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Friend's husband being an utter dick. What can you advise when you are friends with both.

(5 Posts)
nochy Fri 05-Oct-12 15:17:19

He is in the middle of a self proclaimed midlife crisis and has said the most unbelievable cruel things to her.

She's gorgeous, clever, slim, pretty and very funny. He has got her desperately trying to think of the 'long game' and keep it together until he comes to his senses. Their youngest had his 1st birthday today, they have a 3r old and a 6 yr old.

He doesn't do much with the children, does a solo sport for 4 hours every weekend and never takes her out. He also told her friends he was going to leave her a month ago but we all were outraged on her behalf and he's done some half hearted efforts since then. He said at the time that he would love to keep the kids because he loves them but it was an obvious lie and i told him so, as if he has them for the day by himself he counts down the time until they're in bed.

Now, the crux, we live in the Middle East. The spouses here are on visas tied to the working spouses job. Housing is tied in, schools fees, the whole shebozzle. Her home country is the other side of the world, is not the same as his and also, she hasn't worked since coming here and at least has live in child care here, which would help.

He was a friend of mine but i can see that i can't stay friends with them both. I am so angry that he's done this to her, just as they completed their family and she will be left struggling with her (very spirited) kids and trying to work. I want her to kick him out and trigger the 'LOSS' that madchoc always talks about.

CogitoErgoSometimes Fri 05-Oct-12 15:53:51

You have to take your cue from your friend, I'm afraid. If she wants to stick around even though everyone can see what a crappy idea it is, then that's her call. If she wants to leave and asks for your help, help her achieve it. And if she asks you a direct question i.e. 'should I stay or should I go?' give an honest answer but don't press the point. I've known a few couples that appear to be horrendously mismatched, wash all their dirty laundry in public create huge drama and get friends to take sides.... only to be back together again in short order. Stay out of it as much as possible.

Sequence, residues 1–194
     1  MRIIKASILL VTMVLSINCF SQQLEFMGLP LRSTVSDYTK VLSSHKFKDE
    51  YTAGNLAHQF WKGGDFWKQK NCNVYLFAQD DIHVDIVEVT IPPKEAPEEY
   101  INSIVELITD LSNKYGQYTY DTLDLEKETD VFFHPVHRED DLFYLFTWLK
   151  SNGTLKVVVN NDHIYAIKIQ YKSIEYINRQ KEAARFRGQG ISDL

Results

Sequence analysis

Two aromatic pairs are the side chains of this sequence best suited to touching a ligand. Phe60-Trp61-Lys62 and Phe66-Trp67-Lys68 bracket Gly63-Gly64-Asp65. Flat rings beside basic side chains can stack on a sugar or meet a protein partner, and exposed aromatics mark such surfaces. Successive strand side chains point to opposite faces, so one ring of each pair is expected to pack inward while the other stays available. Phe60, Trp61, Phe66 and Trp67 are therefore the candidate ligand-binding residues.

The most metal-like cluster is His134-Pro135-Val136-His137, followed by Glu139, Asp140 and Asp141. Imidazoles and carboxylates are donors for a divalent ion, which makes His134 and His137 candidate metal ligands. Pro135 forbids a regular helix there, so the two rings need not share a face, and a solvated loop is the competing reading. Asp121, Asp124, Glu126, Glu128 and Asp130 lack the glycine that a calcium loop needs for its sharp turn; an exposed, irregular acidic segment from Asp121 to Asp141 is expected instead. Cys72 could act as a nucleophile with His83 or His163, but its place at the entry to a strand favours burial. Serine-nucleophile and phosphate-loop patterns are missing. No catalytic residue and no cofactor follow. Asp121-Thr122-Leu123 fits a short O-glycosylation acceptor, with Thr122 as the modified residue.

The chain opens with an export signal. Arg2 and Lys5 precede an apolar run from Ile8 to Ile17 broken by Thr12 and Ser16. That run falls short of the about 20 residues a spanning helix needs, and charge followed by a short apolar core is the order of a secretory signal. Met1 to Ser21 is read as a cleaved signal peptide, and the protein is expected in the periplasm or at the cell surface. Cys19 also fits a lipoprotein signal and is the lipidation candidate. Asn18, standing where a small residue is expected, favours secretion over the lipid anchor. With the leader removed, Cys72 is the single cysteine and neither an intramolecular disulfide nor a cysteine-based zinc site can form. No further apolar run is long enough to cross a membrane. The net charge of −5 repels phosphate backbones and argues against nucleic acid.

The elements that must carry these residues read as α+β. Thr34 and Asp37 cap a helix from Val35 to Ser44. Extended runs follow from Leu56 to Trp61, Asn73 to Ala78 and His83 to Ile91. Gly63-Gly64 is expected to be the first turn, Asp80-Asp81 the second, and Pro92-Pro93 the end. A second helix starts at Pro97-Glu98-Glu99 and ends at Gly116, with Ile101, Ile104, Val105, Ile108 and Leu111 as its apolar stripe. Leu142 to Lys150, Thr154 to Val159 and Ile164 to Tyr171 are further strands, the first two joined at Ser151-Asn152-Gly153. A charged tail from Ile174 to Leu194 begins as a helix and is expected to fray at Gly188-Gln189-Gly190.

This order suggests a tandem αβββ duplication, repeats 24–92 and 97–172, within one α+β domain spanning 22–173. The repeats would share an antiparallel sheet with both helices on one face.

DIYapprentice Fri 05-Oct-12 16:02:08

Actually, you CAN stay friends with both. But you can direct your support to the friend who you believe is being wronged.

Support your DF, tell your other DF, her 'D'H, that although you value him as a friend, you cannot support his behaviour because he is being an idiot.

something2say Sat 06-Oct-12 10:01:16

Advise her to siphon off some money where she can, just in case.

Very vulnerable position to be in; visa tied to your husband, rocky relationship with your husband - too many kids to get out and earn any money of your own - completely tied in.

Get her to siphon off some money where she can. And I'd support HER, not him.

AnastasiaSteele Sat 06-Oct-12 10:56:33

I would take your cues from her as said up thread, support her And maintain a pretence of friendship with him in order to support her if you see what I mean. My best mate knows my abusive on off partner - she cannot stand him but she is always friendly to him in order not to end up cutting me off from her support. I don't know if your friends husband is just a bit of a cad or is worse than that, either way, keeping your friends close and enemies closer might make things easier, especially if they do 'resolve' things.

Your poor friend, though at least she has you.

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